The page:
To safeguard the future of the bioeconomy, BBSRC helps people to gain the skills needed to maximise the opportunity for innovation. We identify opportunities to address skills shortages and vulnerabilities in the research base, to improve the UK’s capabilities and support bioindustry in achieving economic growth.
Innovation cannot happen if individuals do not possess the skills to succeed. Our skills training and exchange opportunities provide skills that allow students, researchers and academics to innovate and compete in the global bioeconomy. As well as training in economically important, cutting-edge or vulnerable skills, our programmes allow scientists to develop business plans, experience new environments and maximise the impact of their research.
Bioscience is important to the economy
In the EU alone the bioeconomy is estimated to be worth two trillion euros accounting for 22 million jobs, about per cent of the EU labour market. Each euro invested in EU-funded bioeconomy research and innovation is estimated to trigger €10 of value added in bioeconomy sectors by 2025.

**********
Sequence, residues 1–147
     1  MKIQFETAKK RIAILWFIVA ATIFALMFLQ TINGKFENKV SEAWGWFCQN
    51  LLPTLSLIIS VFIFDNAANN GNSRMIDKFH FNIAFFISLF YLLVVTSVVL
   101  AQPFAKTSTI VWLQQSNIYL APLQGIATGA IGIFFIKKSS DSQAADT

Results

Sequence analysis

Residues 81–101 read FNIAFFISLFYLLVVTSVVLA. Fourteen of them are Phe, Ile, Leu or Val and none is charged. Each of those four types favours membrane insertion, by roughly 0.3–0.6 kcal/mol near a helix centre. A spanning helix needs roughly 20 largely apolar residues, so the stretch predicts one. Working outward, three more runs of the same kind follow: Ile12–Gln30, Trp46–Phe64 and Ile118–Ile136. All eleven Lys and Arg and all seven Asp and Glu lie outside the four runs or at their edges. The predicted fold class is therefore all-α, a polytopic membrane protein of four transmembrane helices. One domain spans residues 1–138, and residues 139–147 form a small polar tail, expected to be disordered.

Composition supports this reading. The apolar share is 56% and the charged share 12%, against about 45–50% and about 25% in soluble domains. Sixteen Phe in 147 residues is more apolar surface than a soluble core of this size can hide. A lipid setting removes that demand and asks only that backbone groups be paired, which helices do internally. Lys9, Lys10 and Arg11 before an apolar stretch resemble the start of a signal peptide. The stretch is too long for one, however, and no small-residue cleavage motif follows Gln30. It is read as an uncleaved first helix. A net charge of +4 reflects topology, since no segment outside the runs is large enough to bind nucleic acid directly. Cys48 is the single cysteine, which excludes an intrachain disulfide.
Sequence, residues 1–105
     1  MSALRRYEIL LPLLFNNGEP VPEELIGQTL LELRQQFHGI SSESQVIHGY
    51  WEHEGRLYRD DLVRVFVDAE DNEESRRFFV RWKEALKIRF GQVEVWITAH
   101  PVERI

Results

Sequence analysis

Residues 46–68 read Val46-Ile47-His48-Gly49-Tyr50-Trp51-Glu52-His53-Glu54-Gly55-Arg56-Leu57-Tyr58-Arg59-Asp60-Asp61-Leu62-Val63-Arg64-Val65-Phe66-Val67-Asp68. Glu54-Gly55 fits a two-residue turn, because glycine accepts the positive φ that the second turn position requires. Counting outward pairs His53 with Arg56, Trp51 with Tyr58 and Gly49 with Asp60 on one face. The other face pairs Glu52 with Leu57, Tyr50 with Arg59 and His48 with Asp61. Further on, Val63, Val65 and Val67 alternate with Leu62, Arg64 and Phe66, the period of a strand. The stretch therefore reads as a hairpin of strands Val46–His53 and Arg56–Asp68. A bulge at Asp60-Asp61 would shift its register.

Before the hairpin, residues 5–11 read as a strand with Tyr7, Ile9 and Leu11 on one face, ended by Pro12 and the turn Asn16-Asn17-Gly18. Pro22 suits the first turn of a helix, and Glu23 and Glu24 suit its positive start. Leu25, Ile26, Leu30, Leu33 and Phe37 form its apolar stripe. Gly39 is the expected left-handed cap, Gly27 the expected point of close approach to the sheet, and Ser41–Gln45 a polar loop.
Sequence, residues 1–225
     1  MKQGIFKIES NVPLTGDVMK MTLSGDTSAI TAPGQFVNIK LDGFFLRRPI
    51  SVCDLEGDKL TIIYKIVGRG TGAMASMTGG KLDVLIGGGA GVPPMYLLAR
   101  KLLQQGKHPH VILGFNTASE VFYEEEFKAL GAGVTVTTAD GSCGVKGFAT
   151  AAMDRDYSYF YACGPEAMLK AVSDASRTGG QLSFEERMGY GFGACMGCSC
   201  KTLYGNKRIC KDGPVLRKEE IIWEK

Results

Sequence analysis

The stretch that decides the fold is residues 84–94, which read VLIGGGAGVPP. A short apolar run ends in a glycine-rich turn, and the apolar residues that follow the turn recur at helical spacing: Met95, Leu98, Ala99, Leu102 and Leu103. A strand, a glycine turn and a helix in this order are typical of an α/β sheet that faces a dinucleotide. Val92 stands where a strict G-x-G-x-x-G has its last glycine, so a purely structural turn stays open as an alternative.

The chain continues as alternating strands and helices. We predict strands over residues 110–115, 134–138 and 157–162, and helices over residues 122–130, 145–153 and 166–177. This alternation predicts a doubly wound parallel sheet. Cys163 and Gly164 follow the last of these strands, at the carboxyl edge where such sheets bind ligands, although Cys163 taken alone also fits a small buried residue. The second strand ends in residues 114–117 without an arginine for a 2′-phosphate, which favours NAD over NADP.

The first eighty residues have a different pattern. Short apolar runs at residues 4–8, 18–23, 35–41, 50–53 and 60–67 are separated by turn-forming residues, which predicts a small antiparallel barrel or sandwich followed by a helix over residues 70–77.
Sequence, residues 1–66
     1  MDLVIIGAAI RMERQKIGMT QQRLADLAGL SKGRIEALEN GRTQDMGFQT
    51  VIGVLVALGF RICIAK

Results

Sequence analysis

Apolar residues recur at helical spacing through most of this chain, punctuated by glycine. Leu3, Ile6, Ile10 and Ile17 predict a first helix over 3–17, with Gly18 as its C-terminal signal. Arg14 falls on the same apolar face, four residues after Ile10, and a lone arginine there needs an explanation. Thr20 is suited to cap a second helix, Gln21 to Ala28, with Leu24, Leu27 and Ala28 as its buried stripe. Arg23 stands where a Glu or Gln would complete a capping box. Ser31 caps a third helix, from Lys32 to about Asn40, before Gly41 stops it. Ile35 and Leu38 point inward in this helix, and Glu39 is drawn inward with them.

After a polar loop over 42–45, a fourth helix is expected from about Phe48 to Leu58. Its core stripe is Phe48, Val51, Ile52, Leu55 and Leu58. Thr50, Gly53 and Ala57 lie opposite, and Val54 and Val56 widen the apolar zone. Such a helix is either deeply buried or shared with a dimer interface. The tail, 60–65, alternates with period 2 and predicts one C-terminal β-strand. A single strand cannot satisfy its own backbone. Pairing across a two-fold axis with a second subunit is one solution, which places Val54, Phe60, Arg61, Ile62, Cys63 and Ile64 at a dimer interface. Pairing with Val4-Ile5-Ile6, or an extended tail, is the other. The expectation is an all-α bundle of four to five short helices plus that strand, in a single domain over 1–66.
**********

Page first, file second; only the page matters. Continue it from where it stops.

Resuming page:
Consideration of the bioeconomy as a whole might enable more effective interdisciplinary working and collaborating and increase alignment between government departments. Similarly, realising the opportunities of the bioeconomy to drive sustainable and equitable growth and increase wellbeing is going to require bioscience to work with a range of other disciplines and in concert with partners across society.